What to expect with a pair of SF Giants top picks moving up to Sacramento

Reggie is one step away!
Reggie is one step away! / Zac BonDurant/San Francisco Giants/GettyImages

Well, I have good news and bad news. Let's start with the bad news first. The bad news is that for the first time this season, there are no SF Giants prospects that won any Player or Pitcher of the Week award. The good news though is that there is a lot of movement in the farm system over the past couple of weeks. This includes both Hunter Bishop and Reggie Crawford moving up to Triple-A.

What to expect with a pair of SF Giants top picks moving up to Sacramento

Some of those moves are done as a reason to cover roster spots. We saw prospects like Turner Hill, Justin Bench, and Drew Cavanaugh hop on the charter plane to Sacramento even though they have yet to play in Double-A (Hill and Bench played in Eugene, Cavanaugh in San Jose) because the distance of the two A-ball teams to Sacramento is quite short. Less fuel, less jet lag.

That is the reason that when we see prospects that get promoted from Eugene to Richmond or from Richmond to Sacramento garner significant attention. They will be in for the long haul. Yesterday, the Giants officially announced that Reggie Crawford and Hunter Bishop had been promoted from Richmond to Sacramento. It is also important because both first-rounders have endured a lot of injuries and ailments over their professional career so far.

Let's start with Bishop. The 2019 first-rounder has seemingly acquired all injuries known to man. That has destroyed his prospect stock over the years but give massive credit to him for having so much persistence to keep it going despite the litany of injuries and the playing time that was lost as a result.

The Richmond lineup has been terrible throughout the 2024 season but Bishop has been one of the players who are close to being an average hitter in terms of production. His .242 batting average and .368 slugging percentage are second among all Flying Squirrels position players with at least 10 games played and his .672 OPS is third. His 95 wRC+ is palatable but the decent walk rate and the high strikeouts are now a norm for the lefty bat and it looks like it will stick long-term. The PCL should serve him well and hopefully boost his numbers to put himself back on the map of notable prospects.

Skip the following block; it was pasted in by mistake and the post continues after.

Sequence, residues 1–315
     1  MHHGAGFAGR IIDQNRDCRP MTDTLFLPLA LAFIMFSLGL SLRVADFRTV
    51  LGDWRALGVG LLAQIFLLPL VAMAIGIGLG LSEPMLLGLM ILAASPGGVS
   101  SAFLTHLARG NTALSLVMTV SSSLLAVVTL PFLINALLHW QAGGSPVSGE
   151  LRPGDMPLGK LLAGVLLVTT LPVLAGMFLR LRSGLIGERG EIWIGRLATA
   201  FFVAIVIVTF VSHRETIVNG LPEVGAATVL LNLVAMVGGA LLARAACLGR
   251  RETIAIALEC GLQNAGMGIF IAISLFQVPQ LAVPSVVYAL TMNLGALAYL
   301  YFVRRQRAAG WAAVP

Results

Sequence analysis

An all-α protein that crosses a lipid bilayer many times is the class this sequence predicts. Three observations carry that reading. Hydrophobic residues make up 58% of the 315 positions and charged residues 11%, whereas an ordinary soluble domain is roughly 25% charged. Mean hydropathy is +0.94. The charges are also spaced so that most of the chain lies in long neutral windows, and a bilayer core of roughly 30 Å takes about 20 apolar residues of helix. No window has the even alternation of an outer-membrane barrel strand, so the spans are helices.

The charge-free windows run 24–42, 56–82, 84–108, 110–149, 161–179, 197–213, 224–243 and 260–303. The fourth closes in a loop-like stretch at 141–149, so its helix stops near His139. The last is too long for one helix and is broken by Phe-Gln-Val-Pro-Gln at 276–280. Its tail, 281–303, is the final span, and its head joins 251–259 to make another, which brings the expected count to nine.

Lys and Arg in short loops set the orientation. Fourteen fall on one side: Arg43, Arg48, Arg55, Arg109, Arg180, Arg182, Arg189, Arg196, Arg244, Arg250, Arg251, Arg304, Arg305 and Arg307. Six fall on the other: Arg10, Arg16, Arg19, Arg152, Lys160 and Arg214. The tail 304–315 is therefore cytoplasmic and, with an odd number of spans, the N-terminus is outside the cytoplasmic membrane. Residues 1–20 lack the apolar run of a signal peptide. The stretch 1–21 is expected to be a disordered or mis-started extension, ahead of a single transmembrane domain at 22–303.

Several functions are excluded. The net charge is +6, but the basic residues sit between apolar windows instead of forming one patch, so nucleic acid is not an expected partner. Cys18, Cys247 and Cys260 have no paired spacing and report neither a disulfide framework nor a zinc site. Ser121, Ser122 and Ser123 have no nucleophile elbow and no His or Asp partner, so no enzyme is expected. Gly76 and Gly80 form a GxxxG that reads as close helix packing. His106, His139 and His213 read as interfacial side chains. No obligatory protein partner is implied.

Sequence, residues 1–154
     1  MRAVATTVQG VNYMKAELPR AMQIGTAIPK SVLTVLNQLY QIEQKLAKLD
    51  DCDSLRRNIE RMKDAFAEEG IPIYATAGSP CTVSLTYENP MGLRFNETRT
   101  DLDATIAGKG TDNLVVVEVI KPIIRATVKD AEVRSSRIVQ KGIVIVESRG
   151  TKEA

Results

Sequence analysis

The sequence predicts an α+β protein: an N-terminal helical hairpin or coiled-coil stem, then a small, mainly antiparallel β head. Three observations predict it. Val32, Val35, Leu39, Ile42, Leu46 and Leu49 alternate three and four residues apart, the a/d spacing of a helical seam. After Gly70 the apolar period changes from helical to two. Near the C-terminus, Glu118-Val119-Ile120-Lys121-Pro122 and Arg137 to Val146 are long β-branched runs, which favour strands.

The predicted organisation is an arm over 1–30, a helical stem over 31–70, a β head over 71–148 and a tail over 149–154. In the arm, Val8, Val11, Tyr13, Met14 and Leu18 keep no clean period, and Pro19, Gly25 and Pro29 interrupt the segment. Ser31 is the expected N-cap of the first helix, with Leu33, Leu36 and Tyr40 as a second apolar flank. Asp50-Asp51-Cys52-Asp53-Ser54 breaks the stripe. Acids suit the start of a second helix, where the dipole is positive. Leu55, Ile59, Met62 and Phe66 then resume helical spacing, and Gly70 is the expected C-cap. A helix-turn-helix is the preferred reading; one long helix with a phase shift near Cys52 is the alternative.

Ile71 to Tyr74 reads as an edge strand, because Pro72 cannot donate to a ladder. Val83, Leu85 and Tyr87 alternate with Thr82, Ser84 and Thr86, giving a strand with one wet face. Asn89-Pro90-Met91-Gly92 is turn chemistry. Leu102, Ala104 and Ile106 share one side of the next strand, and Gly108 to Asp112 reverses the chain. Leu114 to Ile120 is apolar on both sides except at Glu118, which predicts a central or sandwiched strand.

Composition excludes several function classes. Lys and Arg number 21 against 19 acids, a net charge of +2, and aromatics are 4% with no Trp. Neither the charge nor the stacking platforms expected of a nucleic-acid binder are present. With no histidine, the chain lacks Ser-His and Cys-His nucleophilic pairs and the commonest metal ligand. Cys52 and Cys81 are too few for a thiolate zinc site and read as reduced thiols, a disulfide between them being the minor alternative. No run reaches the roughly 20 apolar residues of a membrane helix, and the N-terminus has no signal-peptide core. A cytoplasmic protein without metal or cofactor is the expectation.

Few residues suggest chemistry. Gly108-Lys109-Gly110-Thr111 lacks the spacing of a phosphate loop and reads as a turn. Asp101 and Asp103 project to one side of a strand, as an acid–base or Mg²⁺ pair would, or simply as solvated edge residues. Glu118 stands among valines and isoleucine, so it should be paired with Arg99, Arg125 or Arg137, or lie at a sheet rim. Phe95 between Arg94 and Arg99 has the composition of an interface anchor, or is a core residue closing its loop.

On the other side of the ball, Reggie Crawford has been treated with extra care ever since getting drafted by the Giants back in 2022. He has not had the smoothest recovery after his Tommy John surgery as several ailments have only limited his professional innings count to 28 2/3. What is undeniable though is that he has the stuff.

Since transitioning full-time as a pitcher, the Giants have placed Crawford in the bullpen with the hopes of moving quickly, and quickly he did. The ERA looks inflated but the underlying numbers look phenomenal. Hitters are only hitting at a .147 average off the hulking lefty while striking out nearly 45 percent of the batters that he's faced so far. On the other hand, his walk rate is quite below-average and he's only thrown 58% of his pitches for strikes.

Whenever I watch him pitch, though, the stuff is undeniably legit. He lives in the high 90's with his fastball, dipping to the 95-96 mph range at times but he can get to triple-digits if he wants to let it loose. There is some trouble in terms of accuracy but he's been around the zone which is a good sign. Both his secondaries look good when they are on as he can backfoot his slider and hitters are way out in front of his changeup. The control on both pitches though has been a bit worse compared to his fastball.

If there is one thing that I have learned over the years though is to believe in the stuff, the athleticism, and the strike-throwing in Double-A. That was a hard lesson when I selected the worst pitcher out of the trio of Camilo Doval, Gregory Santos, and Kervin Castro as the potential Giants closer. That's a lesson that I put in Erik Miller in my top 15 Giants prospects entering the 2024 season. He might be a little bit stiff but he's nasty and has shown good strike-throwing tendencies in Double-A. He's been a bit janky in terms of the ERA but there are flashes and a good foundation to build on.

If the plan for the Giants is to get Reggie to the big leagues ASAP to get the best coaching, then having him be "rushed" and have him build innings in the big leagues might be a risky decision. But it's a risk worth trying, given the current dire situation of the San Francisco Giants in 2024.